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Fluid Characteristics /Properties

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Fluid Characteristics /Properties

Table of Contents

  1. Introduction
  2. Symbols
  3. Density
  4. Pressure
  5. Viscosity
  6. Surface Tension
  7. Compressibility
  8. Sonic Velocity (Mach No)

Introduction.... Thermodynamic Properties

Fluids can be either liquids or gases. A liquid is hard to compress and takes the shape of the vessel containing it. However it has a fixed volume and has an upper level surface.   Gas is easy to compress, and expands to fill its container. There is thus no free surface.  Liquids are generally assumed to be incompressible fluids and gases compressible fluids.   Liquids ar only compressible when they are highly pressurised, and the compressibility of gases may be disregarded whenever the change in pressure is very small.

Important characteristics of fluids from the viewpoint of fluid mechanics are density, pressure, viscosity, surface tension, and compressibility.  This section includes brief notes on these important characteristics.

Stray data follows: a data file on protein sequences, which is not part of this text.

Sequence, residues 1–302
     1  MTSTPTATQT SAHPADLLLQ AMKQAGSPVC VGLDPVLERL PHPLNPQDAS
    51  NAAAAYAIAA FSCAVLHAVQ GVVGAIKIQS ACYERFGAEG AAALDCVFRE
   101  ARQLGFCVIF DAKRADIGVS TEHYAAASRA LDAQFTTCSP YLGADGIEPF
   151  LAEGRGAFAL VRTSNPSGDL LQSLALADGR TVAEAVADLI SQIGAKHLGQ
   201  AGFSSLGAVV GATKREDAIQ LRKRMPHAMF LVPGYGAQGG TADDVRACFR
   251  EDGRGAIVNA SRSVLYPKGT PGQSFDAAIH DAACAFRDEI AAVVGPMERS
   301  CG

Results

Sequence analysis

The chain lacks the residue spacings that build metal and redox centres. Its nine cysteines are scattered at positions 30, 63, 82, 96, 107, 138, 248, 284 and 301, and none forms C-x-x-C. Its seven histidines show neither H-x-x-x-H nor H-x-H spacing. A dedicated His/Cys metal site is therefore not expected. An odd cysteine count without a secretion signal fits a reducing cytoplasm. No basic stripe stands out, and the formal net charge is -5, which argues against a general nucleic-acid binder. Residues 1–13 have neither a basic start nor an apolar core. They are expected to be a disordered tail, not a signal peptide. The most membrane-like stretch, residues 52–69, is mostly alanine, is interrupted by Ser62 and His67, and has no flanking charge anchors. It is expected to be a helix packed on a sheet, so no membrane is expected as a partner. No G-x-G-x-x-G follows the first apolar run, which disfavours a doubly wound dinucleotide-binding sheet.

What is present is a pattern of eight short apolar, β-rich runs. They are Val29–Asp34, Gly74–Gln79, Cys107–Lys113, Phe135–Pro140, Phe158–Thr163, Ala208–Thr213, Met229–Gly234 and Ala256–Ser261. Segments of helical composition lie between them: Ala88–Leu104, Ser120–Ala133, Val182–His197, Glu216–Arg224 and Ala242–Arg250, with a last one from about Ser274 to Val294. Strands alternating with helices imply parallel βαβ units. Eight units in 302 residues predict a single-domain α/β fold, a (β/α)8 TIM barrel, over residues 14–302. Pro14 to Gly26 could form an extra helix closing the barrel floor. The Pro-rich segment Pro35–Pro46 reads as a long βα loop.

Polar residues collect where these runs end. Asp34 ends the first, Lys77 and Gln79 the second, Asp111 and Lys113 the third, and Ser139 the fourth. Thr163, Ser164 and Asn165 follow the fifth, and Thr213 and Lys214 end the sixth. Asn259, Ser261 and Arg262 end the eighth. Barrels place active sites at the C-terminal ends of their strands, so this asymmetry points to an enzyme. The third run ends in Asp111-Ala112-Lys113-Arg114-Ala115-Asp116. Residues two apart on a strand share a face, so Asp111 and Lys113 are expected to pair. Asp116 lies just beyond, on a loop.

Symbols / Units
A = Area (m2)
a = Speed of sound (m/s)
g = acceleration due to gravity (m/s2 )
h = fluid head (m)
K = Bulk modulus (MPa ) M = mach number u /a
M = Molecular weight
p = fluid pressure (N /m2 )
pabs - absolute pressure (N /m2 )
pgauge - gauge pressure (N /m2 )
patm - atmospheric pressure (N /m2 )
p s= surface pressure (N /m2 )
Q = Volume flow rate (m3 /s)
R = Gas Constant (J/(kg.K)
Ro = Universal Gas Constant (J/(kg.mol.K)
ρ = fluid density (kg /m2 )
sg = Specific gravity
RD = Relative density
u = fluid velocity (m/s)
v = fluid velocity (m/s)
x = depth of centroid (m)
β = Compressibility (1/MPa)
γ = Surface Tension (N/m)
θ =slope (radians)
ρ = density fluid (kg/m3)
ρ w = density water (kg/m3)
ρ a = density air (kg/m3)
τ = shear stress (N /m2)
μ = viscosity (Pa.s)
ν kinematic viscosity (m2s-1)
υ = Specific volume (m3 / kg)
γ= Ratio of Specific Heats


The mass per unit volume of material is called the density, which is generally expressed by the symbol ρ. The density of a gas changes according to the pressure, but that of a liquid may be considered constant unless the relevant pressures changes are very high   The units of density are kg/m3 (SI).

The ratio of the density of a material ρ to the density of water ρw ( at 4o C ) , is called the relative density(RD).    This is often called the specific gravity (sg) a term which is sometimes confusing..